4 cops get HC contempt notice for taking 1 year to probe trespass case

Written By kom nampultig on Kamis, 16 April 2015 | 22.23

MUMBAI: Irked that the Mumbai police had failed to probe a city resident's complaint of trespass, despite court orders, the Bombay high court (HC) has issued a contempt notice against four officers who served at Sakinaka police station in the past two years.

A division bench of Justice Ranjit More and Justice Anuja Prabhudessai issued a show-cause notice to the four officers, asking them to explain why contempt of court proceedings should not be initiated against them for disobeying orders.

The four officers—assistant police inspectors Taral and Kandalkar and sub-inspectors S Chavan and Amit Mhatre—have been given four weeks' time to submit their explanation. The HC has also transferred the probe in the case to Crime Branch Unit 9 and asked it to submit a report within four weeks.

"This petition discloses very sorry state of affairs," said the judges. The HC pointed out that though a cognisable complaint had been lodged, the police took over two months to register an FIR. "Even after registration of the FIR, no proper investigation was conducted despite the orders of this court. Though a solemn statement was made before this court that the investigation would be completed within two weeks, for a period of one year thereafter, nothing has been done. The petitioner, therefore, is perfectly justified in making allegation that the investigating agency is hand in glove with the accused," added the court.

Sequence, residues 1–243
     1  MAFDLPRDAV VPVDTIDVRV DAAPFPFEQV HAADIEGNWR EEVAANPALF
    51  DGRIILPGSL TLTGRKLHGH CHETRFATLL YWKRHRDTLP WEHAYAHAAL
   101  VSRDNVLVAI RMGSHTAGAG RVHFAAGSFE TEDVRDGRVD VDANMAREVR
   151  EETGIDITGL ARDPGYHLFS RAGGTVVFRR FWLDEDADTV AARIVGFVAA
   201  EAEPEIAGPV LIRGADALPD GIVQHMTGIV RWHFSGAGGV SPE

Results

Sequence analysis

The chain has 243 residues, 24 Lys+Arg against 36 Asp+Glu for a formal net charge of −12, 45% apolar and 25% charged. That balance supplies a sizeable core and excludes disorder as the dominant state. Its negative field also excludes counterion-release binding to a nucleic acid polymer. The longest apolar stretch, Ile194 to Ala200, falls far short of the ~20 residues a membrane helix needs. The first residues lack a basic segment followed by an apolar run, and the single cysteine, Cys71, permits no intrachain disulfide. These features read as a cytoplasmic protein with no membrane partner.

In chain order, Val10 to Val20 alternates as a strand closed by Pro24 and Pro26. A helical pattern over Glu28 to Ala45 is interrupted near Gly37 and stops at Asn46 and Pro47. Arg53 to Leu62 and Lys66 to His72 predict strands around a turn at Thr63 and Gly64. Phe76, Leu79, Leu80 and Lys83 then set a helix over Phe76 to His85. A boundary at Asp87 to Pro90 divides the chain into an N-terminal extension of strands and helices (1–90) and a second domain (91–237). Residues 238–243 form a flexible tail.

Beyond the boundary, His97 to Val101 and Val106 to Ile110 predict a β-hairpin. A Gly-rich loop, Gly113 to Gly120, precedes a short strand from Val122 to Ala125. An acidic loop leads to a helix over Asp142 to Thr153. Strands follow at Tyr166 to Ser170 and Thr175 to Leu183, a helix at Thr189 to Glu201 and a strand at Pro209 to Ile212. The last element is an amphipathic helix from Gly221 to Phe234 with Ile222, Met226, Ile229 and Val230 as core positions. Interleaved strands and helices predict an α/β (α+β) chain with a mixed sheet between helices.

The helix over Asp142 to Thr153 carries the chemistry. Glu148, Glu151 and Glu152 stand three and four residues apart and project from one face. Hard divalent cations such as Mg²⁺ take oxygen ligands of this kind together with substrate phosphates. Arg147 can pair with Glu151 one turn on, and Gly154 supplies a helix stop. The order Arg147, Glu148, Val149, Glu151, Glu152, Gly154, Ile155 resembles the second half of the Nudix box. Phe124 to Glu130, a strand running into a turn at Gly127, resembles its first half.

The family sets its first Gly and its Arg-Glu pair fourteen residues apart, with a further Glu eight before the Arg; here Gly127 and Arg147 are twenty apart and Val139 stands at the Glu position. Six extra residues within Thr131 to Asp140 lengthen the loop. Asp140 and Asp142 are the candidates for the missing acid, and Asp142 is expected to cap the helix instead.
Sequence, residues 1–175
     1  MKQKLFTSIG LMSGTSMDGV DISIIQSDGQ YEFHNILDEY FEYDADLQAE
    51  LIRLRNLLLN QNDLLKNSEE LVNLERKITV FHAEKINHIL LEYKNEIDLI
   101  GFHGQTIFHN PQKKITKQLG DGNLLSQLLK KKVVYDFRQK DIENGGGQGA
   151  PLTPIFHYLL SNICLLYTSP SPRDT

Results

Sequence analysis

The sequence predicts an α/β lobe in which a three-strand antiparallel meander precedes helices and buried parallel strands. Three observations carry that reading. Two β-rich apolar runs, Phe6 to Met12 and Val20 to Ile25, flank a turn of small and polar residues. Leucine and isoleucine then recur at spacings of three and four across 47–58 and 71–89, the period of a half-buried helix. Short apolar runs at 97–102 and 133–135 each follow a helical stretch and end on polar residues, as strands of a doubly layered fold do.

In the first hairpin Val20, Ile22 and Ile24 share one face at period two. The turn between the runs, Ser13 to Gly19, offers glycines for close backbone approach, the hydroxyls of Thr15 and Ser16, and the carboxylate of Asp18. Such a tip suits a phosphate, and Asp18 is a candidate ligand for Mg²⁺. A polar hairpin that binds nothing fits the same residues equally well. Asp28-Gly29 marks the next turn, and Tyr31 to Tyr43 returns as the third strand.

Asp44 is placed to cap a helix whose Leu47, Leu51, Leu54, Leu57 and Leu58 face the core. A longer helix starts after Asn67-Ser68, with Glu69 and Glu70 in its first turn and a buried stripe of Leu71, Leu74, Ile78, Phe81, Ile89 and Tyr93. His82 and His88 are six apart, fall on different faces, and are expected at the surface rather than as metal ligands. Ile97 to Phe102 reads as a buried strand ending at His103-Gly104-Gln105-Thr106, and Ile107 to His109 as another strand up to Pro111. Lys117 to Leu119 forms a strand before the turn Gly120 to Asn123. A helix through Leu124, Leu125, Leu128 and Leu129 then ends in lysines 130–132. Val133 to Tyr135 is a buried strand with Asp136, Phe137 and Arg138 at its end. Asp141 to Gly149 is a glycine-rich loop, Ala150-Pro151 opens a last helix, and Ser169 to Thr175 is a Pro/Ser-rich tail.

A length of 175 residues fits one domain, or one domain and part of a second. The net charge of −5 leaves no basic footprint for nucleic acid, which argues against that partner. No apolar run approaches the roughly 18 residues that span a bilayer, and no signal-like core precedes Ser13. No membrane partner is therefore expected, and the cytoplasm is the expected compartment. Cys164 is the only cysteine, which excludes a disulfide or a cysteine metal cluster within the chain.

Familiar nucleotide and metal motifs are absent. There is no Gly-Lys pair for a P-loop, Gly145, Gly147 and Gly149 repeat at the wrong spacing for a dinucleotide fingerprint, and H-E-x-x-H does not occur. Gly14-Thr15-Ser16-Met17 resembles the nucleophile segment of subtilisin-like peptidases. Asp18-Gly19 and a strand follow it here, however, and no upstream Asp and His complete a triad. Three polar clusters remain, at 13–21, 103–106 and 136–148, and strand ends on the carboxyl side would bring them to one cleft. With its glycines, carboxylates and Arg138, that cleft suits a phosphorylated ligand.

Sakinaka resident Jos Kulangara had lodged a complaint that the accused had broken open the locks of his shop on April 20, 2013. When the Sakinaka police failed to take any action, Kulangara filed a petition in high court in May 2013. The police then lodged a complaint on June 16, 2013.

Kulangara filed another petition in HC in 2014, claiming that though his complaint disclosed a serious offence of trespass and house break-in, which is punishable with a maximum jail term of 14 years, the police had booked the accused under a minor offence of house trespass (section 448 of the Indian Penal Code), which is punishable with a maximum jail term of up to one year or a fine of Rs 1,000.

On April 9, 2014, the HC directed the police to look into the allegations and the evidence and file a report within two weeks.

According to Kulangara, despite specific orders by the court, the police had done nothing and were, therefore, liable for contempt. The prosecutor sought to justify the delay, claiming that the problem arose as the officers were transferred.

The high court was not convinced. "We are not at all satisfied by the explanation," said the judges while issuing the notices to the police officers.

http://timesofindia.indiatimes.com/followceleb.cms?alias=trespass,Resident,Mumbai Police,complaint

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